Mountain View, Calif.-based Arsenal Interactive has an interesting offering dubbed HeyCosmo, a suite of services that includes Concierge Blast. If you’re traveling, it will find the nearest restaurants of a certain type such as vegetarian. It will list all of the numbers. Then you can instruct it to ask if the restaurants have an opening for a party of five at 6 pm. The service will then call every single one of those restaurants. You can send a text question and the service will convert it into an automated voice.

When the restaurants answer, an automated voice will ask if there is an opening. The restaurant receptions can press a number “1” if there is an opening or “2” if there isn’t. If the line is busy or the host hangs up, the call fails and you have to try again. The Concierge Blast then shows you the results of all of the calls on the web site. You can call back to make the actual reservation.

Every time I hear the pitch from James Im, the chief executive of Arsenal Interactive, it makes a little more sense. A personable guy, he shouted my name and shook my hand heartily. Then he got me to pose for a couple of pictures with him and his team. That doesn’t change the fact that it’s really a bizarre service he offers.

The problem with this is that some hosts will hang up when they hear an automated message. Kim says that the restaurants will get used to the calls over time and they will likely jump at the chance to book reservations. You can use the Concierge Blast on your friends too. You can ask a group of friends if they want to hit Las Vegas this weekend. They can all vote and volunteer to pay for a piece of the trip.

You can use it on Concierge Blast on Facebook or other sites. Rivals include SpinVox, Chacha, Kadoink and Ribbit, which was recently purchased by British Telecom. Like Ribbit, Arsenal Interactive has built a “soft switch” in the background. This is the part that makes the most business sense. The company is able to make a 100 automated calls on your behalf because those phone calls are virtually free voice-over-Internet-protocol (VoIP) calls.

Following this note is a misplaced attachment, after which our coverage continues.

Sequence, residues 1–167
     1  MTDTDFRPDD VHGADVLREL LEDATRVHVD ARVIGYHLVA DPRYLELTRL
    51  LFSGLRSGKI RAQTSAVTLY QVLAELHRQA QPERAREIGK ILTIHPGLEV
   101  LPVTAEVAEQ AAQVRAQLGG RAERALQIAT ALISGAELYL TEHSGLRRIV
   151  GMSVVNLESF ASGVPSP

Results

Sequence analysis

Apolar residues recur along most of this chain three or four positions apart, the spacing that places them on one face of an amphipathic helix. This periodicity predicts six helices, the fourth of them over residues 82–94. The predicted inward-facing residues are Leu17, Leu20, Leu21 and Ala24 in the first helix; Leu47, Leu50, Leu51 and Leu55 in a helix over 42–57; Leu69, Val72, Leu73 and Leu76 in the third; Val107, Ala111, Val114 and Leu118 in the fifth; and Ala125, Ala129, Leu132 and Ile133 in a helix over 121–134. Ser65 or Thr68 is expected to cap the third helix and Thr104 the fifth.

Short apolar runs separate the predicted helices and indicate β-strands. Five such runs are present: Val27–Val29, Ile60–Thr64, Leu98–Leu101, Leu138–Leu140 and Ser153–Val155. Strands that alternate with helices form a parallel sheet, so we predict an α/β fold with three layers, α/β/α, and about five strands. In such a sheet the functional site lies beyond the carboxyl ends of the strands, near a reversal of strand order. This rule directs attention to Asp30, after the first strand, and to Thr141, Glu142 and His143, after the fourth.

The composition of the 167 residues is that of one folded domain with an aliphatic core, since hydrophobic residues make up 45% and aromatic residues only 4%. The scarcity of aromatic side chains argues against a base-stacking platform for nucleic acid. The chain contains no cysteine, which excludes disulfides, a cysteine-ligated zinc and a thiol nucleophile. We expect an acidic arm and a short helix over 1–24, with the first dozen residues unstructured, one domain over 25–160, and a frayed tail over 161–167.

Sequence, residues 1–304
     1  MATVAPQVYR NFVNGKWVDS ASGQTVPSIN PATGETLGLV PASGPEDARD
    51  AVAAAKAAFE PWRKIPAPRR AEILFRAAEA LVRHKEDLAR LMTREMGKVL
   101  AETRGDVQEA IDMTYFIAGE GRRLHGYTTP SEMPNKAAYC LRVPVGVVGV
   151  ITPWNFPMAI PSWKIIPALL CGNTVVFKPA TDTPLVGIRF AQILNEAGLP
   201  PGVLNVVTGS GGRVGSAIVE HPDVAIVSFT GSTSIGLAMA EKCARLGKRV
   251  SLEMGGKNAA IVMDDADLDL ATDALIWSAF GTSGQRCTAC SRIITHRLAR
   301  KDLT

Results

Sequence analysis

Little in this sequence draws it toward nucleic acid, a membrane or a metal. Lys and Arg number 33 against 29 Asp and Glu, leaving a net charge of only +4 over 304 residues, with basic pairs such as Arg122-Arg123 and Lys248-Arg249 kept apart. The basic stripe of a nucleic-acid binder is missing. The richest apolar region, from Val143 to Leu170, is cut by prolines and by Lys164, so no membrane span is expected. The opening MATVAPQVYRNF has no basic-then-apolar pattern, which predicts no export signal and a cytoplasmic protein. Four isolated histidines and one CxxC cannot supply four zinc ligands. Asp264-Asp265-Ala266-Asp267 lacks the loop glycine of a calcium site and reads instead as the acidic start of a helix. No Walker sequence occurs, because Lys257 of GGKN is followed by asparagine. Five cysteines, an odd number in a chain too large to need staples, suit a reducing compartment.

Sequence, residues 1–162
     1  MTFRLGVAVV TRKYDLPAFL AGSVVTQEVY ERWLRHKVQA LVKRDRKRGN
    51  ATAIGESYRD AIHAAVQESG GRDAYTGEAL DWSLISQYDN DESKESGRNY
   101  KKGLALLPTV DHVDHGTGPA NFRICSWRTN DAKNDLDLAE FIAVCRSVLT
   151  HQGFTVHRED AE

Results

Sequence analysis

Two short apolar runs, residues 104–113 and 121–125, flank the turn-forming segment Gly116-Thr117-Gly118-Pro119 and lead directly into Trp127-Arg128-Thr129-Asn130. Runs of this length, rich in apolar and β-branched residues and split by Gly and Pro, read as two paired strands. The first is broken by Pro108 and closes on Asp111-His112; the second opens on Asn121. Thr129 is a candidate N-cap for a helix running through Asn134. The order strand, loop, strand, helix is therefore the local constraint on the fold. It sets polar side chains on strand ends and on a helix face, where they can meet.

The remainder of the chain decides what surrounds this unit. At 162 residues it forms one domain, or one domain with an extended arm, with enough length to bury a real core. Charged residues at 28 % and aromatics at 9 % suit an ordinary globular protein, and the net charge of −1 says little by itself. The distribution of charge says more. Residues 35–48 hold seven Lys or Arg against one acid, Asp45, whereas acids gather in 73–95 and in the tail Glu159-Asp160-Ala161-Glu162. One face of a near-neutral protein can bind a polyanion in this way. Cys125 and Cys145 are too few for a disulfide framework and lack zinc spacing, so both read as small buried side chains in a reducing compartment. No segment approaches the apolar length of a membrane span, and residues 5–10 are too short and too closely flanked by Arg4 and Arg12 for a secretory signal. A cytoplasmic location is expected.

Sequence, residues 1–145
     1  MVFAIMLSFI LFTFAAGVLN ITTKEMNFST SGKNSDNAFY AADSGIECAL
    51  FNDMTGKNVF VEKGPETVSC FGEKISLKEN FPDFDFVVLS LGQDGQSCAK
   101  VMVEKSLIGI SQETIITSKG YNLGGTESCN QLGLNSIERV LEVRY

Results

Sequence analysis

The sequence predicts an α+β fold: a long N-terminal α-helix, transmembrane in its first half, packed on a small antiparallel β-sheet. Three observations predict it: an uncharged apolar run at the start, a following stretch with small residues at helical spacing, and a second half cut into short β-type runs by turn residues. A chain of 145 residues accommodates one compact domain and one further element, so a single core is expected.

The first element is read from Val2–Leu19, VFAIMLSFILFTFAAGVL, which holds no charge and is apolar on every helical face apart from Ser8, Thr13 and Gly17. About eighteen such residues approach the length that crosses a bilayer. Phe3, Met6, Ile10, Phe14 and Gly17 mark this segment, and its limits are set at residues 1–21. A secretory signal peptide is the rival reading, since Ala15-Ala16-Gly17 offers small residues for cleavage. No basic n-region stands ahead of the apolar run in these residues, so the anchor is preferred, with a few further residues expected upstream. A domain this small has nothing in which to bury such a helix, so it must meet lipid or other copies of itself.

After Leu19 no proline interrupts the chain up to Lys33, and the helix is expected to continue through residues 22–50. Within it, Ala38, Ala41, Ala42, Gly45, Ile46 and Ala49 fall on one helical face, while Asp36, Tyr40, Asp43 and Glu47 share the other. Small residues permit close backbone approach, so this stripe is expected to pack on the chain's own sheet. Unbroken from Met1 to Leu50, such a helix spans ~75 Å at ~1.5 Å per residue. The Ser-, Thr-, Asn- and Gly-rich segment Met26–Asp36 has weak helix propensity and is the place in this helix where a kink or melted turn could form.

Im said that the company can make money off advertising. The ads are context-aware verbal messages played just as a user is deciding whether to eat sushi or Mexican. The company was founded early last year and raised a bridge loan to get off the ground. Im said he may seek a first round of capital early next year. It has seed funding of $650,000 from private investors.

I wonder if anyone really needs this unless their job is to be the social director of a big roving posse. But Im said that the company is already generating $100,000 a month in ad revenues and it is generating millions of messages a month. It is now in an open beta test. The company has 14 employees.
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